Coupon Receipt

3. Stacking Coupons – You can and should stack coupons with sales, rebates, BOGO (By One Get One) sales etc. to get the lowest price on an item. You can use a manufacturer coupon and store coupon for the same item (just be sure you’re meeting the quantity and weight requirements listed on each). You can use a coupon for each item in a BOGO sale. Sometimes you can even hit the trifecta and get something on clearance (better than sale price), use a coupon and send off for a mail in rebate on the product. In some cases, you can get paid to purchase items, but fair warning if you’re expecting this to be the case all the time (like on TLC’s Extreme Couponing) you’re sadly mistaken.

Stacked Coupon with Sale

4. Doubling Coupons – I highly recommend using a store that doubles coupons. Most chain grocery stores will double up to $1 coupons, but check with your store. This brings me back to that pop quiz at the start of this post. When matching sales up to your coupons always factor in the doubled amount. If something is on sale for .99 and you have a .50 off coupon, that item will be free if your store doubles coupons. But the fancy free days of overages are over for the most part.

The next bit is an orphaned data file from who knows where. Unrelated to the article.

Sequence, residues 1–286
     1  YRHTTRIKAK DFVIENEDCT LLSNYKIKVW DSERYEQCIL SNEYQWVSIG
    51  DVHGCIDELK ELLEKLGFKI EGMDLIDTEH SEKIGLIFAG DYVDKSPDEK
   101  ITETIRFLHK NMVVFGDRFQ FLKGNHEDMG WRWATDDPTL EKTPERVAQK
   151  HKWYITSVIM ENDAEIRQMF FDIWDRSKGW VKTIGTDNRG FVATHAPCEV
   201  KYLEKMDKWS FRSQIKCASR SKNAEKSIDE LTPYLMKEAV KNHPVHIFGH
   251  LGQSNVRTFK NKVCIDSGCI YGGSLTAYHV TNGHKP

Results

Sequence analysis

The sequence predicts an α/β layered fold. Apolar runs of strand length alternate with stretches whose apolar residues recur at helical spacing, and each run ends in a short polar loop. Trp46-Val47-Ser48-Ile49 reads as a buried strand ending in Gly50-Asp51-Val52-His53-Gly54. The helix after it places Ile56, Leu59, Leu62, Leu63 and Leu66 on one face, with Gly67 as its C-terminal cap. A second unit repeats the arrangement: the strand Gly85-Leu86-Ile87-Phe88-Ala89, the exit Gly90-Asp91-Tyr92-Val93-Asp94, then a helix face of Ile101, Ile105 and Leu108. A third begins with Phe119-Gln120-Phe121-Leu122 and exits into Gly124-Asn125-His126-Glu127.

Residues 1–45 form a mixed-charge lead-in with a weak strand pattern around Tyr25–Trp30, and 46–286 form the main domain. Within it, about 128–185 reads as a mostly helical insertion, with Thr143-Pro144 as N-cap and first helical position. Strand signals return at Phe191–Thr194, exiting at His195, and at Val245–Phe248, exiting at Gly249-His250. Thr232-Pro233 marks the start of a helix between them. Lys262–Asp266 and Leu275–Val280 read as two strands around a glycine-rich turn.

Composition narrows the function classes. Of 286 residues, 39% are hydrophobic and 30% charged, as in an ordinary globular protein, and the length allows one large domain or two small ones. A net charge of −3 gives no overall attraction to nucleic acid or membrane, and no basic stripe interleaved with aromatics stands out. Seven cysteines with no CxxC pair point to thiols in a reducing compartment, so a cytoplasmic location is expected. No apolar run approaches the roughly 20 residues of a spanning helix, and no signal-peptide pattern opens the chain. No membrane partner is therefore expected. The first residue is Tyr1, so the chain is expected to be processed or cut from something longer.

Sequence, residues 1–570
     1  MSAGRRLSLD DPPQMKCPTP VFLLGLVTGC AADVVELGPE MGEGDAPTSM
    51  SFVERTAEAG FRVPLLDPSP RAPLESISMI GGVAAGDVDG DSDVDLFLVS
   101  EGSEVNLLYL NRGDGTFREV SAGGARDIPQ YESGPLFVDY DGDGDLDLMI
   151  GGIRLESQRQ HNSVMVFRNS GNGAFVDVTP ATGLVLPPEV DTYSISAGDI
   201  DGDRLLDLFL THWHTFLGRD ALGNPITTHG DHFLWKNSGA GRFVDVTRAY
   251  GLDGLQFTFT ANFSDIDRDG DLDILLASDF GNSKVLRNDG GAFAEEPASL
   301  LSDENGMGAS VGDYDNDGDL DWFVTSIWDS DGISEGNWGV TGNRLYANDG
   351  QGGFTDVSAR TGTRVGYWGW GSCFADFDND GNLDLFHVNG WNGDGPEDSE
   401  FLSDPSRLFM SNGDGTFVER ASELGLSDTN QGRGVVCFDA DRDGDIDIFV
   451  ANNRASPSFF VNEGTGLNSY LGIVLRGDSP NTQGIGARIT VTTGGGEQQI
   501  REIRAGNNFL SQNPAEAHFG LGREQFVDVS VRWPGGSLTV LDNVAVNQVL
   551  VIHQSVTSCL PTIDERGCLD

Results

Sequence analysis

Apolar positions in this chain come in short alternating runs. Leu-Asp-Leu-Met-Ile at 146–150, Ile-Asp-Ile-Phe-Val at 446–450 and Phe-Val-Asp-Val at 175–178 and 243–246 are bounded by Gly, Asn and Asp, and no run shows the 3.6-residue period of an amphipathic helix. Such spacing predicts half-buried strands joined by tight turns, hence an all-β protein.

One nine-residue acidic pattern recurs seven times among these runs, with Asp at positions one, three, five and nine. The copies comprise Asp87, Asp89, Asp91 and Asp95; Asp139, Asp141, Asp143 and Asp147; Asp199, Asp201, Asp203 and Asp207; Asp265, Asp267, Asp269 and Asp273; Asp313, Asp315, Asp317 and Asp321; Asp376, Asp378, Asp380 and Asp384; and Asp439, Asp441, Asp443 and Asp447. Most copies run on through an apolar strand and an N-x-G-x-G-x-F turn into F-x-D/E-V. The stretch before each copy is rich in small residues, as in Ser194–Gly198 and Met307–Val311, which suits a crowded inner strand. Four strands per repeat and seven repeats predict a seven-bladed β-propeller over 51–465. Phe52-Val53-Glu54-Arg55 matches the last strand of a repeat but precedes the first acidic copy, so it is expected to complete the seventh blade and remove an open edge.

5. Overages – There once was a glorious day in age when you could get overages when a store doubled a coupon and the amount deducted exceeded the purchase price of that item. This is how many people saved money on non-coupon items like milk, meat and produce in the show mentioned above. I hope you’ll notice as I did, that most of these episodes are not filmed in New York as most stores have caught wind of this and stopped doing overages. This means that now if you by a .99 tube of toothpaste with a .50 off coupon, the coupon will only double up to .99 so you’ll see your .50 come off your receipt and underneath it the balance of the item cost .49 instead of .50. Also there are limits on how many coupons you can use per item so check those too. In the show they show people clearing shelves and using 60 of the same coupon to get a deal on each item. That doesn’t happen here since most coupons have a limit of 4 like coupons and stores often limit the quantity of a sale item that can be purchased per person.